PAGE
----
Yes vote 'intrinsic to our interests' - Cowen

 

IT IS extreme political naivety to believe there would be no “political consequences or effect” to a No vote in the Lisbon Treaty referendum, Taoiseach Brian Cowen has insisted in the Dáil.

He told Sinn Féin Dáil leader Caoimhghín Ó Caoláin that “it flies in the face of political logic” to suggest a ‘No’ to the referendum in October would ensure that “goodwill will flow to Ireland” or that the State would “remain at the heart of the union”.

In impassioned responses to questions on last week’s European Council meeting, Mr Cowen said: “it’s time we had a debate about the sort of Ireland we want in Europe, not the sort of Europe we feel bests suits Ireland. It is being part of a larger entity that gives us the prospects of success, not standing alone on the outside, half in and half out.”

Mr Cowen also stressed that one of the “great benefits” of the EU council meeting was that it “puts to bed . . . the non-arguments that have dominated the debate” such as conscription. He sharply criticised No campaigners telling voters “we might be part of a European army, missus”. This was “coming from those who claimed to be part of a different army some other time”. Mr Ó Caoláin had challenged the Taoiseach about the forthcoming second referendum. He said “voting No to the Lisbon Treaty does not mean we are voting No to the EU” and did not mean “Ireland will be pushed out of the union”. He also said people would vote “on exactly the same treaty . . . without a single comma or full stop being changed in the text of the treaty”.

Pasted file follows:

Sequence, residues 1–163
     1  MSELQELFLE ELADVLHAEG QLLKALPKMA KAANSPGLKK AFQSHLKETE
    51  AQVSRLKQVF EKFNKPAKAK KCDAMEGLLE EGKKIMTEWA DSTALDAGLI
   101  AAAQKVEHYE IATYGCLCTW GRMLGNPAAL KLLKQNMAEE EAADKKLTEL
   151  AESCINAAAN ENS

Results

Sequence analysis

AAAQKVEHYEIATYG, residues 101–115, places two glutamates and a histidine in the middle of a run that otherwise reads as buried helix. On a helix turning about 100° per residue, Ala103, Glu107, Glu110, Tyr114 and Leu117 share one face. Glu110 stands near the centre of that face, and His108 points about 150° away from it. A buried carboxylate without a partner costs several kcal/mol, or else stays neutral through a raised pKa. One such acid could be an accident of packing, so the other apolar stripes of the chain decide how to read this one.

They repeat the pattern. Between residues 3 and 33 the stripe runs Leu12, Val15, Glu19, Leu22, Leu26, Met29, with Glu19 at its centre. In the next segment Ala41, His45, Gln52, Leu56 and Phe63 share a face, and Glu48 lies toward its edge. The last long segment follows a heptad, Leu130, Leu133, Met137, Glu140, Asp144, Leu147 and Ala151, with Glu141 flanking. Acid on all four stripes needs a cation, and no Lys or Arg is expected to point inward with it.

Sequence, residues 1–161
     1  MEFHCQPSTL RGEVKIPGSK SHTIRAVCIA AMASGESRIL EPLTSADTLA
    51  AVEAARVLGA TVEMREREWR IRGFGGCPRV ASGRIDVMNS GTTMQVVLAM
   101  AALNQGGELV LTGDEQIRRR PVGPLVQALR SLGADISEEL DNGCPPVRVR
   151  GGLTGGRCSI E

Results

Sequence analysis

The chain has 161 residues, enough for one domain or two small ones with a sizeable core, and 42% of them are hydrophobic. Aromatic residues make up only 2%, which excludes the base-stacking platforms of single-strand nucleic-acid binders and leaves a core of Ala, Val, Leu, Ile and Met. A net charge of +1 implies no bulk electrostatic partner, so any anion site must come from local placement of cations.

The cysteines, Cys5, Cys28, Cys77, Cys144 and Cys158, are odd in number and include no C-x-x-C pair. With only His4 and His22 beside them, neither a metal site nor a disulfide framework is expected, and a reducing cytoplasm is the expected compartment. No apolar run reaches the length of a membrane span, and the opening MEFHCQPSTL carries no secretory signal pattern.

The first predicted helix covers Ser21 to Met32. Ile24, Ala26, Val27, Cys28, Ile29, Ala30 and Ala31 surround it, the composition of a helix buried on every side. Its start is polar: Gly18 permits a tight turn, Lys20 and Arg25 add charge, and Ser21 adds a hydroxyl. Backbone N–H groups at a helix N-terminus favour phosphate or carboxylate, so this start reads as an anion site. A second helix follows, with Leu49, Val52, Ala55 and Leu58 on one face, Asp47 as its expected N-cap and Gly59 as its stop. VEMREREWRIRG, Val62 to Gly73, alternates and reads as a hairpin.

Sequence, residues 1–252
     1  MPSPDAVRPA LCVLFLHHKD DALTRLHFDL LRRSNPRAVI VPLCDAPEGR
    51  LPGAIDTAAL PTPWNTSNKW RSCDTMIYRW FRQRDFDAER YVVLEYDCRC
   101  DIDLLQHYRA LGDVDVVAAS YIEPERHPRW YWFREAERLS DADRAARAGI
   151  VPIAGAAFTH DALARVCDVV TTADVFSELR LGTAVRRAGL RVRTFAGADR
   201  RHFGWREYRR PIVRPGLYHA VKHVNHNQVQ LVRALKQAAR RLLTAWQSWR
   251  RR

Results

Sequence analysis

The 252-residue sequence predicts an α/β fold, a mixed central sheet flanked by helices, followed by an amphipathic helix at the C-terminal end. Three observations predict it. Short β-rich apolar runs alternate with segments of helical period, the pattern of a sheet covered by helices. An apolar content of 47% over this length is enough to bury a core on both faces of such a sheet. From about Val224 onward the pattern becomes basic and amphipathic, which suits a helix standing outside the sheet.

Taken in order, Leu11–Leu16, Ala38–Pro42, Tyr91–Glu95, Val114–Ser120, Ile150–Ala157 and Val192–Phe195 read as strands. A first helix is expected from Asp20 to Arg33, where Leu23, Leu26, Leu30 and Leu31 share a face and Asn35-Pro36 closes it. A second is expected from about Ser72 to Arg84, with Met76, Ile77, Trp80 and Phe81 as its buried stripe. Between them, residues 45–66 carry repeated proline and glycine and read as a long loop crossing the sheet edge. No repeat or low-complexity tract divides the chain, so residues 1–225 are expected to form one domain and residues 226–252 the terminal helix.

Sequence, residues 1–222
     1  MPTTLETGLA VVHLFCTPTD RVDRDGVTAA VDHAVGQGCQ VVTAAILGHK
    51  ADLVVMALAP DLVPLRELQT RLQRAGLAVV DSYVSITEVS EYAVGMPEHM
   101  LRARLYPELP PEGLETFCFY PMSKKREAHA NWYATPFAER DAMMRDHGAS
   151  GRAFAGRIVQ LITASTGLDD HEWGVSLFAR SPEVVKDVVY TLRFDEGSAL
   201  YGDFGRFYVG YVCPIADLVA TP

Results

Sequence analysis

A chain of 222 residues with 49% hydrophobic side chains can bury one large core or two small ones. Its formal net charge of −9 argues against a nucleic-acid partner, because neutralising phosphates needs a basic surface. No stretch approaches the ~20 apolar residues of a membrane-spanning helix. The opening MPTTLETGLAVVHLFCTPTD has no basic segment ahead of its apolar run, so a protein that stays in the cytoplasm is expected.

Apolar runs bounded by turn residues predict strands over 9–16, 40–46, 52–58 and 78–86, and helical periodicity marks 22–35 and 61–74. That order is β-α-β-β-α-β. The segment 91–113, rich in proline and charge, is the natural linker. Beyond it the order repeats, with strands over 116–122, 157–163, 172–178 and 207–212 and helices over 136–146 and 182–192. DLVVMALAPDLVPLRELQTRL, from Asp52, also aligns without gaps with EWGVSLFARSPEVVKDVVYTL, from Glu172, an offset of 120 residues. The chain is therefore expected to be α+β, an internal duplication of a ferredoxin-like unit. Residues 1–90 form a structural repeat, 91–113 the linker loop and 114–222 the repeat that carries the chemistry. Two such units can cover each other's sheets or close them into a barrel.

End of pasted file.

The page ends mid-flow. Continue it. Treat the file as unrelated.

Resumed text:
He referred to comments by Fine Gael leader Enda Kenny who said “there was never any intention of changing the Lisbon Treaty. People who voted No say there has been no change in the treaty but there was no intention of doing so. I never favoured the re-opening of the ratification process in other countries.”

Mr Ó Caoláin said it was the Government’s duty to follow through on the rejection of Lisbon “by setting it aside and entering the process of negotiation to come forward with a new and fresh document”. Mr Cowen said a No vote “has no effect on our continuing as members of the union as things stand” but “the idea that we make decisions that don’t have political consequences or effect is a most politically naïve view”.

He insisted “the treaty of Lisbon is not in force and will not come into force unless the Irish vote ‘Yes’. So the Irish people’s view is respected.” Nobody “could suggest that every aspect of the EU’s operation suits everybody. That is what compromise is about,” but it is “intrinsically in our national interest” to support Lisbon. Mr Cowen said “Ireland could not survive the current economic crisis without our membership of the euro zone and the availability of resources from the European Central Bank. That is a fact over the last 12 months.”